Dodgers Team News

James Outman, Bobby Miller Receive Bonuses For Strong Rookie Seasons

Two Dodgers rookies were among the players who will receive bonus pay for their excellent 2023 seasons, the Associated Press reported Monday.

Outfielder James Outman will receive $580,948 and pitcher Bobby Miller will receive $406,305, according to the report. The bonuses were paid out of Major League Baseball’s pre-arbitration bonus pool, a new feature of the Collective Bargaining Agreement put in place prior to the 2022 season.

No other Dodgers players will receive bonuses from the pool.

Miller, 24, went 11-4 with a 3.76 ERA in 22 starts after making his major league debut in May. A highly touted prospect, Miller stabilized a Dodgers rotation depleted by injuries and, later, the arrest of veteran pitcher Julio Urías.

The right-hander started Game 2 of the National League Division Series against the Arizona Diamondbacks. His abbreviated start in that game — 1.2 innings, 3 runs allowed — did not factor into the bonus formula.

Outman, 26, batted .248 with 23 home runs and 70 RBIs in his first full season with the Dodgers. He captured the Opening Day center fielder’s job, then overcame some midseason struggles to finish third in NL Rookie of the Year voting. He also went 16-for-19 in stolen base attempts.

According to the CBA, players who are not yet eligible for salary arbitration — those with less than three years of service time, or who have not reached “Super 2” status — are eligible to receive a performance bonus based on a variety of criteria. The $50 million pool is funded by the Commissioner’s office.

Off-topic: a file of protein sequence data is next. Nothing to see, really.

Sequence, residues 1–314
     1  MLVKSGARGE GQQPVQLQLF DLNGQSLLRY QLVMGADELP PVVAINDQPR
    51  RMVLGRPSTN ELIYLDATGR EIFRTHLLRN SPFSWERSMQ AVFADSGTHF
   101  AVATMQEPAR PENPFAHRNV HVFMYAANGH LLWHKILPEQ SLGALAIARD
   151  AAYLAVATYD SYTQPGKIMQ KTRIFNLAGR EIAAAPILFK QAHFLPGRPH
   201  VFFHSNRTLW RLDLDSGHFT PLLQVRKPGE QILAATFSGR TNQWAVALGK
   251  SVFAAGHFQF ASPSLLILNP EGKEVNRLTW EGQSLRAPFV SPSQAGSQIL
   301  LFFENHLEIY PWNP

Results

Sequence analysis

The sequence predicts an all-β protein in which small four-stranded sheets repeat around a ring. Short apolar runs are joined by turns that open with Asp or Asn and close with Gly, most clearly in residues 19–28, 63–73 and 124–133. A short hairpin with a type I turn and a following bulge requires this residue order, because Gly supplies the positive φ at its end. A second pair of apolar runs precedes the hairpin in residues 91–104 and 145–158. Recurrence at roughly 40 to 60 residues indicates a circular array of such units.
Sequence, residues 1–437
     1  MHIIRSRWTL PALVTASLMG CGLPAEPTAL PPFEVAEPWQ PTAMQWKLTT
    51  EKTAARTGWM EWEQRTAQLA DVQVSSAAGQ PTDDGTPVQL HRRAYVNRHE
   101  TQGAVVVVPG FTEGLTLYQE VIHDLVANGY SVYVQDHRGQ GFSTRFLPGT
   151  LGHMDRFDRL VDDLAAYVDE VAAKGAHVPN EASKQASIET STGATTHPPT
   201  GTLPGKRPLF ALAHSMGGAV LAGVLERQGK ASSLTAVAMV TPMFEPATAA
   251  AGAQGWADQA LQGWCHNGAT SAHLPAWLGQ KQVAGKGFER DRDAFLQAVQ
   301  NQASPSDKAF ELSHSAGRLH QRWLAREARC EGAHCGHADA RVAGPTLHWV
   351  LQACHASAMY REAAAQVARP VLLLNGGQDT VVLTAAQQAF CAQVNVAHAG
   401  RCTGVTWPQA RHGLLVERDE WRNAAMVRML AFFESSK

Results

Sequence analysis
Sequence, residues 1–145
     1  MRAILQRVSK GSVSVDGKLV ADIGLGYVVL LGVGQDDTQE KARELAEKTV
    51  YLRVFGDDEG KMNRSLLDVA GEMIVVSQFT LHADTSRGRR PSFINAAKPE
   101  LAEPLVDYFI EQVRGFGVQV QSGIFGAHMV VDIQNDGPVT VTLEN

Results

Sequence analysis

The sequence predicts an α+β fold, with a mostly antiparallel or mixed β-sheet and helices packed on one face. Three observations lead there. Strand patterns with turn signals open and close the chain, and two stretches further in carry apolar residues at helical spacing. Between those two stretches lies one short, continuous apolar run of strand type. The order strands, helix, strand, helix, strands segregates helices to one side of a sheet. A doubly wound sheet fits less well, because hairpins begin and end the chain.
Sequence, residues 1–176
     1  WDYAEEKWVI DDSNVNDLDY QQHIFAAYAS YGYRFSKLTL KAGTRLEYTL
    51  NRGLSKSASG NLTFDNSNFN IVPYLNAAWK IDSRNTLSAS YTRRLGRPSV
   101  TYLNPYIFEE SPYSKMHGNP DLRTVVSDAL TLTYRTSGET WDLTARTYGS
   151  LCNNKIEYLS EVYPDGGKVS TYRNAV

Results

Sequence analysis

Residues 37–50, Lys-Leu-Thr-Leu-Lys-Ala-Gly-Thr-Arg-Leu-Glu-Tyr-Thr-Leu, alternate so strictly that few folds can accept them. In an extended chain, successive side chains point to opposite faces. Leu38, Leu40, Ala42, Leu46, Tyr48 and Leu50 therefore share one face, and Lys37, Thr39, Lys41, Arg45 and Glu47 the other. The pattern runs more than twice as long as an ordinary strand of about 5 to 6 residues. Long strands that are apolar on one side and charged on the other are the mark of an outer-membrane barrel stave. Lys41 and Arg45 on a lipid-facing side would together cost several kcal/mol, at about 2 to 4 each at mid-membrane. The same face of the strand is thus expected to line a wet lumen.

Players can receive $2.5 million for winning a MVP or Cy Young Award. They can also receive a bonus of $1.75 million for finishing second, $1.5 million for third, $1 million for fourth or fifth, or being named to the all-MLB first team.

Outman received most of his bonus money for finishing third in NL Rookie of the Year voting; Corbin Carroll won the award, which guaranteed him at least $750,000. A player is eligible to receive a bonus for only one award per year, for the highest amount eligible.

The remaining money is distributed among the top 100 players ranked by Wins Above Replacement, using a novel WAR formula codified by the CBA.

For young players like Miller and Outman, the bonus pay is no small change. The major league minimum salary is $720,000. First-year players almost universally receive a pro-rated portion of that minimum salary for every day they’re on the major league roster.

Photo credit: Jayne Kamin-Oncea-USA TODAY Sports

JP Hoornstra

J.P. Hoornstra writes and edits Major League Baseball content for and is the author of 'The 50 Greatest Dodger Games Of All Time.' He once recorded a keyboard solo on the same album as two of the original Doors. Follow at


  1. these bonuses have nothing to do with the players’ performances. still reporting sloppily.

    1. So being rookie of the year or being in the top five for rookie of the year has NOTHING to do with performance? Mojo, you’re a different kind of special ?

      1. Only first & second vote getters in ROY get extra bonus for that. Outman was third. Absent major award money the pool is divided based on WAR. So on that last point I stand corrected.

  2. Gigantic James Outman fan! Such a great player! I hope he is on the schedule this coming season also..

  3. Congrats to the two, although they’re already making at MLB minimum more than I’ve ever made, (and I wasn’t exactly minimum wage), but not much compared to big name players.

    Still, nice to see performance rewarded.

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